If you’re curious about how to tell if coconut is bad, you’re not alone!
Fresh whole coconuts intimidate me but I also associate them with the beach and fun drinks and happiness.
Plus, coconut is versatile and I’ve always wanted to see if the whole coconut is better than flaked or dried.
When standing in the grocery store trying to decide if I’m brave enough to buy one, I’m also trying to pick a good coconut.
At that moment, a lot is going on in my brain. Mostly, it’s just a lot of questions. How long will this coconut last? Is it any good?
Will I really use this? How long can it sit on my countertop before I need it?
If you’re curious how to know if that coconut is in good shape, check out our tips listed below.
Yes, eventually coconut does go bad but it can last for up to months if stored properly. Whole coconuts don’t have a specific use-by date or expiration date because how long they last purely depends on the health of each coconut.
You can usually count on a whole coconut to last three to five months out on the counter at room temperature, but you have to check it before you use it.
Usually, the reason that fresh, whole coconuts go bad is that the shell has been cracked or mold has gotten inside.
Coconuts have three small dots on one end, these are the eyes of the coconut. Over time, mold will start to build up over the eyes.
Cut coconuts can last a few hours out at room temperature. They can last up to a week in the refrigerator.
Shredded dried coconut can last up to six months if stored properly in the pantry. It can last up to eight months if stored properly in the fridge.
Toasted coconut can last up to a month in the pantry if stored properly in an airtight container.
How long do coconuts last?
How long coconuts last depends greatly on the health of the coconut when you purchase and what kind of coconut you have.
A whole uncut coconut will last the longest. Cut coconut meat will last a few days. A young Thai coconut can last up to a couple of weeks.
Healthy whole coconuts can last up to four months at room temperature.
Young coconuts often referred to as Thai coconuts will last up to two weeks in your refrigerator.
Shredded coconut out of a bag can last up to six months if stored properly in the refrigerator.
Fresh coconut meat can last up to five days in the refrigerator if stored in an airtight container.
How to tell if coconuts are bad
When it comes to figuring out if whole coconuts are bad, the first thing that you want to do is a visual inspection. If you see visible cracks, it is bad. Next, you want to smell it. If it smells like alcohol or musty it is likely bad.
When it comes to figuring out if Thai coconuts are bad you’ll want to start with a visual inspection. If it isn’t bright white, you will want to avoid it. Next, look at the bottom of it, do you see any discoloration or mold? If you do, it’s likely bad.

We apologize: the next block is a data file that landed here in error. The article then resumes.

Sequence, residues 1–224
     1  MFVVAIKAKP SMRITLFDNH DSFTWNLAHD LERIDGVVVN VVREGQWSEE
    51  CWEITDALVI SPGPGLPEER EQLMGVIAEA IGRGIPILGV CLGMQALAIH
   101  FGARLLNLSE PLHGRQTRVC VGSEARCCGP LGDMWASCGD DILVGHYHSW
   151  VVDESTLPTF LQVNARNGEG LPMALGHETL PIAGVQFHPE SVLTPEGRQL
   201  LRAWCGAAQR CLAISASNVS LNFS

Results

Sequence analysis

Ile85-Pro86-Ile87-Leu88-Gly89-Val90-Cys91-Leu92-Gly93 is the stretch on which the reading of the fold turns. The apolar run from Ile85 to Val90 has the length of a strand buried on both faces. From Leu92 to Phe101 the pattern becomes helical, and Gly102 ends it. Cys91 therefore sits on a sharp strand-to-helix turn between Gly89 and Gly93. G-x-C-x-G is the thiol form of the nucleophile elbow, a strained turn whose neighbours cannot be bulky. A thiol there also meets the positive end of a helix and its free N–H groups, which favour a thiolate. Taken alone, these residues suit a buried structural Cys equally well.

How to tell if a whole coconut is bad
Picking out a whole coconut can be a bit challenging. You won’t know the condition of the coconut for sure until you open it up.
But there are a few ways to inspect a coconut before buying it.
Is it cracked or damaged? Check to make sure that the coconut isn’t cracked. If you see cracks or fissures, don’t buy it. Cracks are a good sign of a coconut you want to avoid.
Look at the bottom. Inspect the eyes at the bottom of the coconut. Do you see any buildup or mold starting to grow? If you see signs of mold, that is a good indicator that it is bad.
Is it dry? When inspecting the three eyes at the bottom of the coconut take note of whether they are dry or wet. If they are wet, avoid that coconut.
Is it heavy? Pick the coconut up and consider how it feels. It should feel heavy for its size. If it feels light, it is probably bad.
Shake it. Do you hear the water swishing around in it? If you don’t hear liquid, don’t buy it because it is probably a spoiled coconut.
Sniff the bottom of the coconut. If it smells off, foul, or like alcohol, it is bad and too old to eat.
How to tell if Thai coconuts (young coconuts) are bad
The primary way to see if a young coconut is bad is to do a quick visual inspection and then check to see if it is too soft. Thai coconuts should be bright white and firm. If it is off-white or squishy it is probably bad.
Inspecting young coconuts to see if they are bad is a lot like inspecting whole fresh coconuts.
Is it bright? Visually inspect the entire young coconut. It should be bright white. If it has dark spots or has a brownish tint, it is probably bad. It may not be perfectly white but it should appear fresh and bright.
Is it cracked? Do you see any cracks or fissures on the coconut shell? If you do, the coconut is bad.
Is it moldy? Inspect the entire young coconut. Do you see any mold or brown spots? If you do, it is probably bad.
Feel it. Feel the bottom of the coconut, around the eyes. Does it feel soft? If it is squishy it is bad. It is normal for the bottom to be a bit softer than the rest of it but it shouldn’t be wet and squishy.
The bottom line
It can be a bit confusing avoiding bad coconuts. It seems to take some practice. But doesn’t everything worthwhile take practice and time?
Whether you’re buying one to try out fresh coconut water or you just want to try freshly grated coconut meat, the above tips should be quite helpful when you’re shopping for a whole coconut.